Off the radar: How the justice system lost track of 25K Florida fugitives

ORLANDO, Fla. — The Florida Department of Corrections has lost track of about 25,000 Florida fugitives.

They’re called absconders, and they include people who have violated the terms of their probation after being found guilty of a crime, all the way up to second-degree murder, and disappeared.

Investigative reporter Karla Ray found out in most cases, no one is even looking for them.

One such absconder was just booked into the Orange County Jail in April, after a report shows Orlando police happened to run into him during a proactive patrol.


An arrest report claims 38-year-old Jeremy Tarver was carrying a backpack with drugs in the middle of an Orlando neighborhood.

The Florida Department of Corrections website shows Tarver absconded from his felony probation on second-degree murder charges nearly a year ago.

9 Investigates asked legal expert and former Chief Judge Belvin Perry Jr. whether anyone is actively looking for most absconders.

“The short answer to that is no,” Perry said.  “It’s due primarily to a lack of resources.”

The Florida Department of Corrections sent us a spreadsheet listing around 25,000 absconded offenders.  Those convicted criminals were on probation or community control for crimes including second-degree murder, domestic violence stalking and sex acts.

Department officials confirm that no one from their office is physically looking for them, and Perry says in most cases, local law enforcement agencies do not have the time or funding to look for them.

“When inmates, probationers know they won't be held accountable, no one will look for them, then they tend to say, ‘Hey, why not?  They have to find me,’” Perry said.

Locating those absconders doesn’t always take a lot of effort.  We found fugitive Richard Hall, who took a plea deal in a stalking case after investigators say he stood at a Deltona corner and sent threatening texts to his ex-girlfriend, who lived down the street.

“They’ve done absolutely nothing [to find me],” Hall said.  9 Investigates spoke to him by Skype from out of state, where he was able to transfer his probation.

He said he wrote a letter to the judge in his case, detailing where he is and how to contact him.

Despite that, there is now a warrant out for his arrest on suspicion of absconding.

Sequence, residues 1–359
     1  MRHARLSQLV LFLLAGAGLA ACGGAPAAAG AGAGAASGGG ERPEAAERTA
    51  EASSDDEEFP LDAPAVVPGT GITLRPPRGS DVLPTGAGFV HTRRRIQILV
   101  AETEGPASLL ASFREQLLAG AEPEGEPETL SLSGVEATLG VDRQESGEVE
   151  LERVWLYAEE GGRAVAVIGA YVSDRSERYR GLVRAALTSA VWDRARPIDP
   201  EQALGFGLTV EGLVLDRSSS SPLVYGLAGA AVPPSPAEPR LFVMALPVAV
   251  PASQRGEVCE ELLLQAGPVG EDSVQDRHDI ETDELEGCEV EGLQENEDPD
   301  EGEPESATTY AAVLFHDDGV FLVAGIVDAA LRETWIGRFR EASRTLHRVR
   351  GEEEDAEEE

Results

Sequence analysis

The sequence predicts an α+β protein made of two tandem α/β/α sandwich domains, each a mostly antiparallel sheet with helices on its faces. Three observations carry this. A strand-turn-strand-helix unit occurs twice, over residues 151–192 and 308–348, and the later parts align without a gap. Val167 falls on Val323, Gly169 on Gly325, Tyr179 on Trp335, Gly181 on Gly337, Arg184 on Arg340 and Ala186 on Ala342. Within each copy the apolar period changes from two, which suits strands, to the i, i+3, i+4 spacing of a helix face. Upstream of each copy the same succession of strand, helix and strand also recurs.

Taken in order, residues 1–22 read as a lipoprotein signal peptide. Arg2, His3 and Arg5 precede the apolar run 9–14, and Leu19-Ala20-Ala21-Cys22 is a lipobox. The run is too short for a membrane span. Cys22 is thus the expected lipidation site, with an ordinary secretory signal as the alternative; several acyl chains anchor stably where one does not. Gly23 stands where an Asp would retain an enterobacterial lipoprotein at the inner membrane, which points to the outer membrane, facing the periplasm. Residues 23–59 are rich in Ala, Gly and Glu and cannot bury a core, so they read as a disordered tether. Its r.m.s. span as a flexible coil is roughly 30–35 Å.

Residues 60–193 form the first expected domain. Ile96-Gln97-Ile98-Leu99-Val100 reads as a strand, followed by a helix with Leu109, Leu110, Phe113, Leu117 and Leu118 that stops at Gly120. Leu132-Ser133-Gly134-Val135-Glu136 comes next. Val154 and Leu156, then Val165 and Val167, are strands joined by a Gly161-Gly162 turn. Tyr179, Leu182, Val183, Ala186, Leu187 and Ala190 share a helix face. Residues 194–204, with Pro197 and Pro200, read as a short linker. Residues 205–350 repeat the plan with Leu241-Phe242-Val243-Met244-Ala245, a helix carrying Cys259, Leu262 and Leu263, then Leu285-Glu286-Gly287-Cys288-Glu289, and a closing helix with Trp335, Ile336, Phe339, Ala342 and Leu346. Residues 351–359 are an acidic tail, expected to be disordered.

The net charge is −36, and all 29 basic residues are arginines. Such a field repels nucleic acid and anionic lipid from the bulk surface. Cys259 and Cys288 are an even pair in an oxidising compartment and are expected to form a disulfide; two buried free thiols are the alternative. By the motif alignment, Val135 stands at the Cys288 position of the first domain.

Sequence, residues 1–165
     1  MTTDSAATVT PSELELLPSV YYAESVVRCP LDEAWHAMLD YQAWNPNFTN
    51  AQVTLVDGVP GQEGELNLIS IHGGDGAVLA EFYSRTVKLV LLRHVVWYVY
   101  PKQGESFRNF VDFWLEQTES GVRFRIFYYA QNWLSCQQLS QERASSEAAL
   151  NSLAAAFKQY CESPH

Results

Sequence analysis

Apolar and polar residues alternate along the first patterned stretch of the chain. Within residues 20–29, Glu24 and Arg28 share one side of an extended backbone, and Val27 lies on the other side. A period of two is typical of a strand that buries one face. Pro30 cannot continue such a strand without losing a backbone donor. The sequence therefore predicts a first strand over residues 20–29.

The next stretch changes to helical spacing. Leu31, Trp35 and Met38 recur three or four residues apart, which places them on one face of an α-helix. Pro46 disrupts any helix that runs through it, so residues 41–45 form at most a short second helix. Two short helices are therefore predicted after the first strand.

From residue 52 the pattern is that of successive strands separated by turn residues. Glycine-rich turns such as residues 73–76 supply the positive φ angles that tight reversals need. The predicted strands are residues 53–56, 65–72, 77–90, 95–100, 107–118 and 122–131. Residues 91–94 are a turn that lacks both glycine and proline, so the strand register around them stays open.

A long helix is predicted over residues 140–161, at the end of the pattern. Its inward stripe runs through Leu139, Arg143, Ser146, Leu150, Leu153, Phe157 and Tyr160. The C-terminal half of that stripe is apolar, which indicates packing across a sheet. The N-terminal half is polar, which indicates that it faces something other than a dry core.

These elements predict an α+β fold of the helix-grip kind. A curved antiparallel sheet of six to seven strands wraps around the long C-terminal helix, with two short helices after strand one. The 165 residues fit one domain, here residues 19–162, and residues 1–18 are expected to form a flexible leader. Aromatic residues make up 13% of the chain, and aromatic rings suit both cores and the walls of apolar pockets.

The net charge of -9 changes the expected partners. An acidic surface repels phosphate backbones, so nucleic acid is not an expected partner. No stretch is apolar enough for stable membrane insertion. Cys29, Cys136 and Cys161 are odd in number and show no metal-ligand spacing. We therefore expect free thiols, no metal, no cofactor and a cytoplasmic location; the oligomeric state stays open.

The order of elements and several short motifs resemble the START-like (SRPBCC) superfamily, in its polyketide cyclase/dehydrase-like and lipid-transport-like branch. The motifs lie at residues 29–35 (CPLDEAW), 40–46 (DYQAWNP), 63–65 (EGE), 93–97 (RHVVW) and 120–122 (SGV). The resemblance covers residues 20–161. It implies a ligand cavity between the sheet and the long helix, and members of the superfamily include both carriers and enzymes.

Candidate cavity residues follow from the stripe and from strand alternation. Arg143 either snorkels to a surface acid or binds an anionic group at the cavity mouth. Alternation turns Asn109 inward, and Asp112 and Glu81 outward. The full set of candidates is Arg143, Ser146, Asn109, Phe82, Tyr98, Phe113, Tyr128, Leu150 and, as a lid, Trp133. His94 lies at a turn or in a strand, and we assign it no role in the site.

After being considered an absconder for two years, he knows a warrant doesn’t mean much.

“I think the justice system has gaps in it, and I've completely lost faith in the justice system in Florida,” Hall said.

Corrections officials said it does make some attempts to find offenders who fail to report to their probation officers by trying to find new contact information through employers or family friends.  But once it determines the person is an absconder, the responsibility shifts to local law enforcement to enforce warrants.

“If an offender fails to report to the probation office as instructed, a Correctional Probation Officer will attempt to locate the offender by gaining new contact information (such as a phone number, new employer or new address), contacting the employment site to gain information from the employer on any new contact information, conducting a field visit to any known residences, and contacting any/all family members and collateral contacts to ask if they are aware of the offender’s whereabouts,” agency spokeswoman Michelle Glady said in an email.  “Once we have exhausted these options in attempting to locate an offender, the officer then moves forward with the violation report, filing an affidavit and requesting a warrant. Our Absconder Unit will follow up with various law enforcement agencies to provide and share information and cross-analyze databases to generate leads. Physical tracking or investigating of absconders is handled by other law enforcement, like a county sheriff’s office or local police department.”

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Karla Ray

Karla Ray,

Karla Ray anchors Eyewitness News This Morning on Saturday and Sundays, and is an investigative reporter for the 9 Investigates unit.